│      4000     92.4  108.4  124.4  140.4  156.4  172.4 │

│      4200     91.0  107.0  123.0  139.0  155.0  171.0 │

│      4400     89.7  105.7  121.7  137.7  153.7  169.7 │

│      4500     89.1  105.1  121.1  137.1  153.1  169.1 │

├───────────────────────────────────────────────────────┤

│ 70% share:   105.0  119.0  133.0  147.0  161.0  175.0 │

│ Diff. from income at 3,400th tonnes                   │

│  ($m)         -8.7   -6.7   -4.7   -2.7    -.7   +1.3 │

└───────────────────────────────────────────────────────┘

 

The figures show that the farmers’ share will be lower, the lower are the sugar proceeds, but more unfortunately, a high output of cane will be associated with an even lower share and gross income. The farmers will not achieve 70% unless the sugar proceeds are high and their cane output is low (i.e. some combination of high sugar prices and high sugar content).

 

But suppose that the farmers with extra effort (for cultivation, pesticides, fertilizer, harvesting) produce a bumper crop usually at higher costs. If, however, the cane has a low sugar content because of unforseen and uncontrollable adverse weather conditions, while the price of sugar also falls internationally, the formula will give the farmers not only a lower share of gross revenue, but also a lower overall revenue despite their increased costs. The millers’ share and revenue will of course be correspondingly increased.

 

Thus whenever the sugar receipts are low and/or cane output is high, according to the new formula, the farmers will be asked to bear a greater proportion of the burden than the millers. In the very good times, their share will just approach what they have been receiving recently.

 

While it is usually argued that farmers are more flexible with respect to costs, this is surely because their costs, such as unpaid family labour and their debt payments to unofficial moneylenders, are less visible than in large corporations like FSC. The costs and burdens are real and felt nevertheless. One should remember that reducing the farmers’ share of gross receipts by 10% to 15% will reduce their net receipts by a much greater proportion.

 

Returns to the Parties?

 

The Draft Award points out that the 80/20 division of the funds, after costs had been deducted, would be sufficient to “enable FSC in a normal year to receive sufficient to pay its shareholders a reasonable dividend and provide a modest sum for reserves”. It makes no statement about whether the sums received by the growers would be an adequate return for their investment and labour, whether it would enable them to pay off their heavy debts, and whether it would be sufficient to encourage the canefarming sector to grow, or even to maintain it at its current state.

 

It is unfortunate that those in power too easily see the costs and problems of a single large corporate body whose top executives are socially accessible, visible and articulate. They are unable to see the interests of twenty thousand small illiterate cane farmers whose costs are not easily quantifiable. Yet these tens of thousands of farmers, canecutters, casual farm labour, and their dependents ought to be the major interests safeguarded by those in power.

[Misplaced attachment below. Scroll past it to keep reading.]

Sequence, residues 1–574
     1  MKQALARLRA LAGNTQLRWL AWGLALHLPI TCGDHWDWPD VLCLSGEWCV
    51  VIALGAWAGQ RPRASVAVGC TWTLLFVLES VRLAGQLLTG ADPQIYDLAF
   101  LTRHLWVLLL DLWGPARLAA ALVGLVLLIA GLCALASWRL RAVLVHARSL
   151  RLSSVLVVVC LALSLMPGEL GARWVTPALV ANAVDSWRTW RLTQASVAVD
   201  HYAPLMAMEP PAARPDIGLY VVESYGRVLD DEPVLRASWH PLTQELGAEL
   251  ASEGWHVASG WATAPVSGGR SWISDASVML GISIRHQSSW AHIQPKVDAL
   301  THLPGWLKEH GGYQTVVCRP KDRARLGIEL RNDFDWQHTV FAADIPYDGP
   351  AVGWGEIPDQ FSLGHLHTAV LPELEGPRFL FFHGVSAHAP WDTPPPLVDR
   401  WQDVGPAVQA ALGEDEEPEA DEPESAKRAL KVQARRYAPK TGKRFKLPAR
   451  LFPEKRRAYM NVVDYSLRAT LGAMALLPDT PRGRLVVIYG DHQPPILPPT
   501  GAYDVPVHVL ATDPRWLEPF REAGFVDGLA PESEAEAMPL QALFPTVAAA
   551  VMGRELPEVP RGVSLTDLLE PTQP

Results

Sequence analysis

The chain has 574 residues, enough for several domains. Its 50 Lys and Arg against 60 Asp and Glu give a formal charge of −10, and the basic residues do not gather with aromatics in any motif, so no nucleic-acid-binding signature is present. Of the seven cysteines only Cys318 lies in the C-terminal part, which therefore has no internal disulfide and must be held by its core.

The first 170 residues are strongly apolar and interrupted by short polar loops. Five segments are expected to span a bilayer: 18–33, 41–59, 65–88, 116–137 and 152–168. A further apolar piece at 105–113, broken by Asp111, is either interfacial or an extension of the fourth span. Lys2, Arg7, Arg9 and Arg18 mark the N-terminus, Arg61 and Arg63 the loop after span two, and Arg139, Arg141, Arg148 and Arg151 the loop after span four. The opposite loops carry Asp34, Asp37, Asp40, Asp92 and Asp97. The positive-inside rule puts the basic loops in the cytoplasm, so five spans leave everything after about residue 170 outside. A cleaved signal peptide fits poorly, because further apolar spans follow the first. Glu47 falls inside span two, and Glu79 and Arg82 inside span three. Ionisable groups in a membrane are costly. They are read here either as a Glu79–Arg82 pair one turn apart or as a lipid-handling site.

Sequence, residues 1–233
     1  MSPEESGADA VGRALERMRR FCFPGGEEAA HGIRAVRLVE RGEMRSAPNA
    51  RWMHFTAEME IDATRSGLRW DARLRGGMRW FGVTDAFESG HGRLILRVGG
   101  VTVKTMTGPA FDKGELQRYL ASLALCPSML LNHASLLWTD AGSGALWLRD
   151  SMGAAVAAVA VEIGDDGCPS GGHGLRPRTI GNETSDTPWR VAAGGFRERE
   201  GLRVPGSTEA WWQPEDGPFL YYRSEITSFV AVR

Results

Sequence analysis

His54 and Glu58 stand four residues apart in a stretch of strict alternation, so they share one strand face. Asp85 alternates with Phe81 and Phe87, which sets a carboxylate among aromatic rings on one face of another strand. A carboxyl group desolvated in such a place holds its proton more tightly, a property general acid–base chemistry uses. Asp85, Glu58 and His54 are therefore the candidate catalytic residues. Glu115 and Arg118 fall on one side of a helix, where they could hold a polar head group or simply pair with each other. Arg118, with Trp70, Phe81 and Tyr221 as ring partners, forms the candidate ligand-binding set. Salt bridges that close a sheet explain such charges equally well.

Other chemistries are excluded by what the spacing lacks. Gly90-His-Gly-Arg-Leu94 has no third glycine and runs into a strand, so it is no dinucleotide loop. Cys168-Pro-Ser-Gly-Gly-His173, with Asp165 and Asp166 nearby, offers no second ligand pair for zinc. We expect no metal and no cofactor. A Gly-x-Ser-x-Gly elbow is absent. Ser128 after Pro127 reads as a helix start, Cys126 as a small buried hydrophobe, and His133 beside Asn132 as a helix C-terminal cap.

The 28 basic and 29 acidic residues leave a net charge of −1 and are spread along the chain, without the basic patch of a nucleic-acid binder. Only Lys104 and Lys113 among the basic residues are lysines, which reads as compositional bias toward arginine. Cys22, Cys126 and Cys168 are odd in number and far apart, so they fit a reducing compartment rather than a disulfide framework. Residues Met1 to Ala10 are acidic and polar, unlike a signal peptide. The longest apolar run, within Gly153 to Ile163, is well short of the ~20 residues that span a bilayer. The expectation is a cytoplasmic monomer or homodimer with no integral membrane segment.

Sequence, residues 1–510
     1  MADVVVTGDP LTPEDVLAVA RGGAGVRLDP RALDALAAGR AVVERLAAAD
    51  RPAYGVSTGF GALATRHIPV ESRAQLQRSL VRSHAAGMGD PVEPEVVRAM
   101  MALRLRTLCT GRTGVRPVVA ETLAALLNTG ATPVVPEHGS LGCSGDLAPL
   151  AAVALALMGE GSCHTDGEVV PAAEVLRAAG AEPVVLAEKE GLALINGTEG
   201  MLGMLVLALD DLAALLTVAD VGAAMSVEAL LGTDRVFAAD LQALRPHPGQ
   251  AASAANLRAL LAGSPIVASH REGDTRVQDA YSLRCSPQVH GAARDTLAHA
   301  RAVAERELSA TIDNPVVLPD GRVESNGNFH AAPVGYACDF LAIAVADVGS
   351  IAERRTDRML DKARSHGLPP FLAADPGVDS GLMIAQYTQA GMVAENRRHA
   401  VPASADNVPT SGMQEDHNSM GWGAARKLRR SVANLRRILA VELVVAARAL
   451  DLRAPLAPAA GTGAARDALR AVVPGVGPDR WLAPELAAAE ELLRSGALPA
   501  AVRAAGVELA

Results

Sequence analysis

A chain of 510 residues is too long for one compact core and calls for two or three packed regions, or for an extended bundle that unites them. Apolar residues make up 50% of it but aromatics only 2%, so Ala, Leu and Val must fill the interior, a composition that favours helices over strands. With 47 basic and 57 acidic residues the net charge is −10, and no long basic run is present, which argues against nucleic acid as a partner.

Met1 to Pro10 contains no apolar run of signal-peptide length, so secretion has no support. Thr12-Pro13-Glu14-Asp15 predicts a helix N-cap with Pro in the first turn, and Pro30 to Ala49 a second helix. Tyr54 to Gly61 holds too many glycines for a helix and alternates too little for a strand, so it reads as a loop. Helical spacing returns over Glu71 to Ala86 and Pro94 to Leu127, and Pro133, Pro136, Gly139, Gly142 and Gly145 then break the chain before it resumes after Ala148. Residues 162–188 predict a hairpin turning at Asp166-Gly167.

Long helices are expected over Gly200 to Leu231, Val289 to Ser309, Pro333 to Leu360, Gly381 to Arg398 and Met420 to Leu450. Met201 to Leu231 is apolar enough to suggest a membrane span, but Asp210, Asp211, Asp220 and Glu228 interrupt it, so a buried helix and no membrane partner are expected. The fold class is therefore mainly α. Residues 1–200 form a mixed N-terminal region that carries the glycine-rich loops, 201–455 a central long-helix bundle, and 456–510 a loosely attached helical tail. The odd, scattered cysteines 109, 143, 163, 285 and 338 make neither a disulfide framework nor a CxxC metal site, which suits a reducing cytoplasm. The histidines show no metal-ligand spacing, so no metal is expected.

No doubt there is a case for keeping FSC’s finances buoyant for further growth and investment. However, rather than doing this at the farmers’ expense, there surely is a strong case for allowing tax exemptions etc, which would be insignificant costs to the nation, for keeping the spine of its economy in good condition.

 

Other Damages

 

One of the significant findings of the 1984 Bienefield Employment Mission was that the cane farming industry had been the largest absorber of new labour for the previous decade. This will not be possible if the farmers are not given a reasonable margin from which to pay for farm labour for cultivation and harvesting. One set of likely victims will be indigenous Fijian cane cutters, who in recent years have found this activity to be the major source of their cash income.

 

The reduced farming incomes will hit the relatively smaller and inefficient farmers first and foremost. A significant proportion among them will be indigenous Fijian farmers who, in contrast to more experienced and efficient Indian farmers, have found great difficulty in surviving the years when sugar and cane prices have been depressed. Reduced net sugar earnings must also seriously reduce farmers’ capacity to pay rents on the land they lease, thus exerting a downward pressure on land rents all round.

 

Other clauses of the Tribunal make little sense also. The harsh penalties against burnt cane is justified using Australian experience, yet the Tribunal notes that the change in Australian towards green cane was because farmers there now had the “ability to mechanically harvest green cane“. In Fiji, howver, it has been long recognised that mechanical harvesting is unsuitable on most of the sugar terrain, would create a massive loss of jobs while contributing to another drain of foreign exchange.

 

To grant transport allowances for cane on the distance the “crow flies” between the farm and the mill, rather than the distance actually travelled by the cane trucks, offends against common sense. FSC’s sugar transport costs are not based on the distance the plane flies, but on actual costs of shipping.

 

Need for Consensus